A world-first breakthrough to treat high blood pressure has been successfully trialled in Melbourne.
The clinical trial showed significant improvement in blood pressure of participants who were given a new catheter-based treatment where blood pressure lowering medication had failed.
Director of Monash University’s Centre of Cardiovascular Research and Education in Therapeutics, Professor Henry Krum led the research collaboration between Monash, the Baker Heart and Diabetes Institute, and St Vincent’s Hospital to develop the new surgical technique that disrupts nerves around the kidneys to dramatically reduce high blood pressure.
The technique could benefit those at high risk of heart attack or stroke from high blood pressure that resists conventional drug treatments.
Professor Krum presented these data in a late breaking clinical trial session at The American College of Cardiology’s 58th Annual Scientific Session earlier this week and was lead author on a simultaneous publication in The Lancet.
The results are set to revolutionise high blood pressure treatment in patients around the world.
Professor Henry Krum said the treatment would benefit those five to twenty per cent of patients with high blood pressure who do not respond to medication.
“Patients who underwent the procedure had a significant reduction in their blood pressure levels and we were able therefore to reduce their risk of severe stroke or heart attack,” Professor Krum said.
A total of 50 patients were recruited from Australia and overseas for the trial conducted by a team of researchers, which included Professor Henry Krum, from Monash University, Professor Markus Schlaich and Professor Murray Esler from Baker IDI and Professor Rob Whitbourn from St Vincent’s Hospital, Melbourne.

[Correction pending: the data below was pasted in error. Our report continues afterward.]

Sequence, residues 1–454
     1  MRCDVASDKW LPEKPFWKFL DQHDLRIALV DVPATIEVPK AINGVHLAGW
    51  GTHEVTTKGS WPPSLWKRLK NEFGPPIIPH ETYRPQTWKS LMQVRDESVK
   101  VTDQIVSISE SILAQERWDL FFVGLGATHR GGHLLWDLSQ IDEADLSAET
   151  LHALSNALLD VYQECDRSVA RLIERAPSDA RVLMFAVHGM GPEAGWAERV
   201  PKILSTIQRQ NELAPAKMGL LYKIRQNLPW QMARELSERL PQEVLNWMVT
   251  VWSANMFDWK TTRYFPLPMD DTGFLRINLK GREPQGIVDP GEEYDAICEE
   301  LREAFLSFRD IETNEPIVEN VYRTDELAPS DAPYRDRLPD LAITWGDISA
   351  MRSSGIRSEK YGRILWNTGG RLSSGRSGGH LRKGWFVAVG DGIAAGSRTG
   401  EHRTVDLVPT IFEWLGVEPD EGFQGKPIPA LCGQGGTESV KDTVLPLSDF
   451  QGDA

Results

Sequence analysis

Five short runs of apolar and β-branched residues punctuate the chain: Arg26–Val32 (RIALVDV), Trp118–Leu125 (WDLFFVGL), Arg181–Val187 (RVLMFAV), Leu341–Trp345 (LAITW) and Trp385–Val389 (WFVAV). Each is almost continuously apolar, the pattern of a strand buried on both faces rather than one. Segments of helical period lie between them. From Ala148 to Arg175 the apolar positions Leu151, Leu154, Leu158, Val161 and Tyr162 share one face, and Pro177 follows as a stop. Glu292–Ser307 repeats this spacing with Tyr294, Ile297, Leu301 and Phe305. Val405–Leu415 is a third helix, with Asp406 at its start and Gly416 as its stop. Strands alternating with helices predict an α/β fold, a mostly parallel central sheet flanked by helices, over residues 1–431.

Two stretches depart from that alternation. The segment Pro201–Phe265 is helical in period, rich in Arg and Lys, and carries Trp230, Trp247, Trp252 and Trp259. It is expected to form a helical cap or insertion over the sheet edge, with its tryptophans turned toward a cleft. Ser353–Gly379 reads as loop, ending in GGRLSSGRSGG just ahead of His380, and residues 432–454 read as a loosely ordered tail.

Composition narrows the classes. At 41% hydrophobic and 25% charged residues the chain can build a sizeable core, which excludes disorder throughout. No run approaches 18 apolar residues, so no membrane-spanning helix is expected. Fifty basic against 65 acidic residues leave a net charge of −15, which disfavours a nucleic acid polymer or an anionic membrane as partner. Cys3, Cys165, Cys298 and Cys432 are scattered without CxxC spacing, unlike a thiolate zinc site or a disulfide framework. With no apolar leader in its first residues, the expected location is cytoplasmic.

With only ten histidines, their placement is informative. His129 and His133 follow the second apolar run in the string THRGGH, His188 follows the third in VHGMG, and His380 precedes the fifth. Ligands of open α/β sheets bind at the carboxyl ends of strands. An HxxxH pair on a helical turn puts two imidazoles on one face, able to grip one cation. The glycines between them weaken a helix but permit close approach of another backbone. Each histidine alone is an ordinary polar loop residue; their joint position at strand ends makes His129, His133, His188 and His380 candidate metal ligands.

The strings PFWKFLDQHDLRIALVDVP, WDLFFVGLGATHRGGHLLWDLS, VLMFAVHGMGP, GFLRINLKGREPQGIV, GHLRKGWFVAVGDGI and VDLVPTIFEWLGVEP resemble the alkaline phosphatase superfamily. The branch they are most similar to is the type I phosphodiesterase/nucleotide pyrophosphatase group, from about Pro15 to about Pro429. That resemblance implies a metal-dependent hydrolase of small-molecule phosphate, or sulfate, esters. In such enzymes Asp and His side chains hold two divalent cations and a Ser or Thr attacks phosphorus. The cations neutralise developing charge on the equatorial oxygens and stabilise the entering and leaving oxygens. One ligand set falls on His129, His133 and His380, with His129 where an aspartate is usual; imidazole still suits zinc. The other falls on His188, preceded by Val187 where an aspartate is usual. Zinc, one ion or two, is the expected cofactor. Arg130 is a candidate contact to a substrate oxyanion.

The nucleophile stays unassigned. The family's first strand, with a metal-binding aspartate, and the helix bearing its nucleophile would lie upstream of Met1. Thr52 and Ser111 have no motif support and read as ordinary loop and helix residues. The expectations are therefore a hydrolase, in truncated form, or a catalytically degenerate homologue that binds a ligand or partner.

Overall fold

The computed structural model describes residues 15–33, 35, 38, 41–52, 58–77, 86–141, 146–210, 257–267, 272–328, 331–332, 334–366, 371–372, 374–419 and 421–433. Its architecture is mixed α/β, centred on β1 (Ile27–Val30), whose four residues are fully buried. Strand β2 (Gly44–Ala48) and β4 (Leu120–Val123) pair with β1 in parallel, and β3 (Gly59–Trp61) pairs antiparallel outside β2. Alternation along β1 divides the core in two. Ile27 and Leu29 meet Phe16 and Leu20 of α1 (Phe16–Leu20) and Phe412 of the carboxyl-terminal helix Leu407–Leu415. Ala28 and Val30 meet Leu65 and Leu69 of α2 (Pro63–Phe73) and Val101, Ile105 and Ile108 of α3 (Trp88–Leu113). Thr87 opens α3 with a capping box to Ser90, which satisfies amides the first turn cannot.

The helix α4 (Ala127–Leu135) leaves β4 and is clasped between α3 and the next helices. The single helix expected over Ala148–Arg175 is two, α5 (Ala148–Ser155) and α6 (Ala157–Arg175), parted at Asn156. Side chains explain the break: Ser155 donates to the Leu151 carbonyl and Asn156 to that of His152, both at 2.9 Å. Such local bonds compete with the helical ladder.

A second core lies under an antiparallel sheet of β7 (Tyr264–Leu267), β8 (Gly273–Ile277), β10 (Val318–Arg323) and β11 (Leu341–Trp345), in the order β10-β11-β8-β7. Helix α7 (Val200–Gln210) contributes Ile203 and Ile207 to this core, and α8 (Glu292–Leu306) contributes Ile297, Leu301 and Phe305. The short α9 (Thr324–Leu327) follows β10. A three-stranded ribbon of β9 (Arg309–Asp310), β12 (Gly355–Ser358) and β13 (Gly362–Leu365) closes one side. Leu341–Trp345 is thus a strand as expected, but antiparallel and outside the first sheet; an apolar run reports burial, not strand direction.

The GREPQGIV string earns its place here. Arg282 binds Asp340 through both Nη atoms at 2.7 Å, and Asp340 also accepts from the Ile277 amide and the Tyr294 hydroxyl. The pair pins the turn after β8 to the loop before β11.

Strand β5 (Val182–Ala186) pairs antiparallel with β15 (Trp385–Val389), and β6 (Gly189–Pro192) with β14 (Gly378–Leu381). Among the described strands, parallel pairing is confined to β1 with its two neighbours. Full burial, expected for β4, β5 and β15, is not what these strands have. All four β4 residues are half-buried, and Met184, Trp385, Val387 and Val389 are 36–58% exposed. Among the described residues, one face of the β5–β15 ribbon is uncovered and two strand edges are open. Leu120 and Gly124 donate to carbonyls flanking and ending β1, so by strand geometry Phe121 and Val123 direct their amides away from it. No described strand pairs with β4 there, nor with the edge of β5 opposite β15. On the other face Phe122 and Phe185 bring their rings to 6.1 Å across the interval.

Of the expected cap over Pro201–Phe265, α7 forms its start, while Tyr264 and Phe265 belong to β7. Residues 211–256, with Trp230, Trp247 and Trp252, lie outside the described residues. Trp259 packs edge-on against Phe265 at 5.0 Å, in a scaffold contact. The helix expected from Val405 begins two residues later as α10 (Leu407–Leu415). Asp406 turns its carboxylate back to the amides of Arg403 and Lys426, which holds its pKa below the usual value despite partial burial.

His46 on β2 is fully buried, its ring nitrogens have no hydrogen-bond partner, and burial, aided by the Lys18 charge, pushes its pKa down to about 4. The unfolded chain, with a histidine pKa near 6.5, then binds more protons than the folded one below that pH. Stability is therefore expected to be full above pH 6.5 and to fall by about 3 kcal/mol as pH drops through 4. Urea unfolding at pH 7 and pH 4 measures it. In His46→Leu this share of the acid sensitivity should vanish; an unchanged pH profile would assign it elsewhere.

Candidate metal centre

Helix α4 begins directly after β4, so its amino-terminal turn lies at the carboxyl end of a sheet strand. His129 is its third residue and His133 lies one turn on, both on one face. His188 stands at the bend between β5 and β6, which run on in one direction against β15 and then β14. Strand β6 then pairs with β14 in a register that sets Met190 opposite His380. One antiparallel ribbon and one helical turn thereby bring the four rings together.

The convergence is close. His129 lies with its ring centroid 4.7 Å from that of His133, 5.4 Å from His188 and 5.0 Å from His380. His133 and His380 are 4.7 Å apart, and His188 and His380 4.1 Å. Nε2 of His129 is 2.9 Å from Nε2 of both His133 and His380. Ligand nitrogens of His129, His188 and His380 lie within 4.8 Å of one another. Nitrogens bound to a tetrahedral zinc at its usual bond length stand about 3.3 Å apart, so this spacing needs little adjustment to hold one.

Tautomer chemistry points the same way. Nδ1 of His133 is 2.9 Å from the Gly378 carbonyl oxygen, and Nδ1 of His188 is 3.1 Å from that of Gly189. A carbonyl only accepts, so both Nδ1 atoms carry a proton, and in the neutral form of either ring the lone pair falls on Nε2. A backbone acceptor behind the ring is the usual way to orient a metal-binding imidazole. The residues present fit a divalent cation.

Professor Krum said the trial results were the most significant in the treatment of high blood pressure since the introduction of the drugs that are in use today.
“We showed an excellent safety profile of this brief, catheter-based therapy. No long-term adverse events resulted from the procedure. Therapeutic renal denervation led to a large and persistant decrease in blood pressure, which was achieved in patients resistant to multiple existing hypertensive drug types. Moreover, reduction of blood pressure was evident as early as 1 month, was further reduced at 3 months, and persisted through subsequent assessments,” Professor Krum said.
The procedure is carried out under local anaesthetic and uses radio energy frequency, delivered to the targeted nerve area via catheter. As a result the nerves are silenced in the renal artery, which supplies blood to the kidneys.
Researchers had long-believed that this region was a key regulator of blood pressure, but until these trial results the theory had not been successfully trialled.
“The catheter allowed us to target a very specific area to deliver the right amount of frequency to the nerves without damaging the surrounding areas,” Professor Krum said.